The Minister of Information and Culture, Alhaji Lai Mohammed, has described the creative industry in Nigeria as its new oil.
According to him, the feats that practitioners are recording in the different areas of the sector, coupled with the potential in the country’s arts, culture, tourism and entertainment, indicates that it harbours a breakthrough for the nation.
The minister noted that Nigeria could not afford to take the creative industry with levity as it had become the cash cow for many other nations.
He said, “The creative industry contributed 84.1 billion pounds Sterling to the British economy in 2014. It also contributed $698 bn to the US Economy, according to a 2015 report. So, Nigeria cannot afford to be left behind; hence, we are ready to explore and exploit the new oil.”
Mohammed made this known in Lagos on Thursday when he spoke about the Creative Industry Financing Conference holding in the city on Monday and Tuesday.
The conference organised by the Ministry of Information and Culture, in collaboration with the Think Tank Media, will be declared open by the Acting President Yemi Osinbajo and it is scheduled to start after a stakeholders’ meeting held in Lagos on Monday.
According to the minister, the main objective of the conference is to take the industry into a golden era of smooth access to short and long-term financing, world-class management as well as local and international distribution.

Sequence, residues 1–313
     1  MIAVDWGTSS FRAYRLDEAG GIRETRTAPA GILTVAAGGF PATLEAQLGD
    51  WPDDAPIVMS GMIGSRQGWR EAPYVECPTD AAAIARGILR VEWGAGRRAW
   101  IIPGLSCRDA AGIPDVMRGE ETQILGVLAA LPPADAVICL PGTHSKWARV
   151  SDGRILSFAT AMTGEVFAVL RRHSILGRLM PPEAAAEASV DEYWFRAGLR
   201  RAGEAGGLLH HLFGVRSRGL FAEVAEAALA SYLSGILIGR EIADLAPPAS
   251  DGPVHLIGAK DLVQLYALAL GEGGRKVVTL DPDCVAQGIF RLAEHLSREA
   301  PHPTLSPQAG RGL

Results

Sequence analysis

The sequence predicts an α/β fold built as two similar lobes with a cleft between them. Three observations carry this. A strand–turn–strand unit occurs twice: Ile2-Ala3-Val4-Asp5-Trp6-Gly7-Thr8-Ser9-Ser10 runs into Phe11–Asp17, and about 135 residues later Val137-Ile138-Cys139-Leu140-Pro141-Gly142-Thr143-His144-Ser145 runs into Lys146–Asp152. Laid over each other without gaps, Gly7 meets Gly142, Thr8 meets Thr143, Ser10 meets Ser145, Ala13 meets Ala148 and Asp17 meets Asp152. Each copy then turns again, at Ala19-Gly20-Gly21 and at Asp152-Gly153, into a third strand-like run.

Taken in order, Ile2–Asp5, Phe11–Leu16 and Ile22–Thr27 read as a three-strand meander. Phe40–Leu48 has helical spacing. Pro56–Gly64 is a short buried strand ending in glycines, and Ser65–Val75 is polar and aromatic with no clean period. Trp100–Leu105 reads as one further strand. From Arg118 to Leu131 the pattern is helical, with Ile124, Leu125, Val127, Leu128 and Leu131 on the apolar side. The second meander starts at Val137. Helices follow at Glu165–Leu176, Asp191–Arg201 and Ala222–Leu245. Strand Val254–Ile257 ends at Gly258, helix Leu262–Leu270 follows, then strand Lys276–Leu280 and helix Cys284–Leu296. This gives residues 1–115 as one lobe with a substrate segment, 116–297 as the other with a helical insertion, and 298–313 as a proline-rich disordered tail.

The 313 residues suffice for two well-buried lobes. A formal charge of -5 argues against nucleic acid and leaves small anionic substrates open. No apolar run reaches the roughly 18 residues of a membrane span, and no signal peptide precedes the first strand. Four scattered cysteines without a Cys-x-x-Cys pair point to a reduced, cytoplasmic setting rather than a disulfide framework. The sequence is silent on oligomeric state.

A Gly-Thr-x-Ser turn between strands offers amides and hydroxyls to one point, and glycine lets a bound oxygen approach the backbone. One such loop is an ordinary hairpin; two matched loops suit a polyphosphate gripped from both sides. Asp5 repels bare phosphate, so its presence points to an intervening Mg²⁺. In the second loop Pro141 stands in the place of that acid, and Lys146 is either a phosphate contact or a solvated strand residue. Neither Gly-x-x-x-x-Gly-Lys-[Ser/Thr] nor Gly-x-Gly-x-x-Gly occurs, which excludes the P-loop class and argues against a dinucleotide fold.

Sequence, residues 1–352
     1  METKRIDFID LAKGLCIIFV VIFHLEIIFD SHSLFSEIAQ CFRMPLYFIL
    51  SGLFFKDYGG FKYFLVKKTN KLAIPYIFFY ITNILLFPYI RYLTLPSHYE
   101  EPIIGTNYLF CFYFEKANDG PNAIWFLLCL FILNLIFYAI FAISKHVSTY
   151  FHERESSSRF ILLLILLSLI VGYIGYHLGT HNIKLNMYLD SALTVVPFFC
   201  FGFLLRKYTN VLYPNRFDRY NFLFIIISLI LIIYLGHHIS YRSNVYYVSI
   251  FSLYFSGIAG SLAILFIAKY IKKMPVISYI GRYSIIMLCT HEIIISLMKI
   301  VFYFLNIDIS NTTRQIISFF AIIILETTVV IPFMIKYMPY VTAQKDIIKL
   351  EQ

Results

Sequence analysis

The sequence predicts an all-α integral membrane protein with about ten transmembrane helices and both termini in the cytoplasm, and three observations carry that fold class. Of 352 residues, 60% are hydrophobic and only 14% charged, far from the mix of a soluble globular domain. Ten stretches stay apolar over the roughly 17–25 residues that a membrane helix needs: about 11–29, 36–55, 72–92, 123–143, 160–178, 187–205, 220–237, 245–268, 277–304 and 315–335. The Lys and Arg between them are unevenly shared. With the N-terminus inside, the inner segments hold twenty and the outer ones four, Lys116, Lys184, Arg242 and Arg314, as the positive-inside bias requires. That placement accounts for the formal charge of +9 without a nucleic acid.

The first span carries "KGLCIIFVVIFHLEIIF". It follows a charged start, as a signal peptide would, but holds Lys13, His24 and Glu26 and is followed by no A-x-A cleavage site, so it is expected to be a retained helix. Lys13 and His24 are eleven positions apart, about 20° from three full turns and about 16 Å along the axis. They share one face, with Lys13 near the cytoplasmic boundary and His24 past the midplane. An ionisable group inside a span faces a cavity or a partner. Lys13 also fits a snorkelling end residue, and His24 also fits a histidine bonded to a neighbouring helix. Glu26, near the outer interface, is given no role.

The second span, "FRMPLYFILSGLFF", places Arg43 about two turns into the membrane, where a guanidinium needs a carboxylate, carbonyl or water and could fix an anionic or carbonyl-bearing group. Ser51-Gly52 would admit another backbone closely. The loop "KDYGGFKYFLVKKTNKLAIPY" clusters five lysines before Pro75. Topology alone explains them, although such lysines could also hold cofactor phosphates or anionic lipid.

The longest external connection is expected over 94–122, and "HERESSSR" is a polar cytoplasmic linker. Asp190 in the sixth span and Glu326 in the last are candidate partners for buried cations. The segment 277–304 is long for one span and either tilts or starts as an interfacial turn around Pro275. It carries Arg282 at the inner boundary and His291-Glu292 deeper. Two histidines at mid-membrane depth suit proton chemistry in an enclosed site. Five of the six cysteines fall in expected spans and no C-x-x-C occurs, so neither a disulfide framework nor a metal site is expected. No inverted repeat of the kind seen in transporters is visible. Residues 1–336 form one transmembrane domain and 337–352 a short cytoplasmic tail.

Mohammed said on Thursday, “We conceived this conference because of our realisation that lack
of access to financing is stunting the growth of the creative industry. It is the latest in a series of conferences and other events that we have held since assuming office. Recall that we held the landmark National Summit on Culture and Tourism last year to chart the path for the industry. Most of its recommendations are already being implemented.
“Also, on Monday, we held a Roundtable on the Creative Industry here in Lagos. Recall also that we have signed a number of MoUs, with the Bank of Industry, the Tony Elumelu Foundation and the British Council, all for the sole purpose of boosting the Creative Industry.
“This Administration attaches a lot of importance to the creative industry. This is in line with its cardinal programme of diversifying the economy away from oil.
Other sectors being developed into pillars of the economy include the creative industry, agriculture and solid minerals.”
Mohammed added that some of the issues to be discussed at the conference included ‘Government’s Role in Funding Creative Industry: The Bank of Industry Experience’, ‘Fundamentals of financing film, Television and
Music Production’ and ‘Film, Television and Digital Distribution’.
“Our neighbour, Niger Republic, has also indicated its willingness to attend the event, having shown a growing interest in our efforts to grow the creative industry. We expect a large turnout of stakeholders at the forthcoming conference, just as we had a full house at the Creative Industry Roundtable on Monday. The overall essence of all our efforts is to transform the sector into a creative economy. We also believe that this transformation must be driven by the private sector, with the government providing the enabling environment,” Mohammed said.
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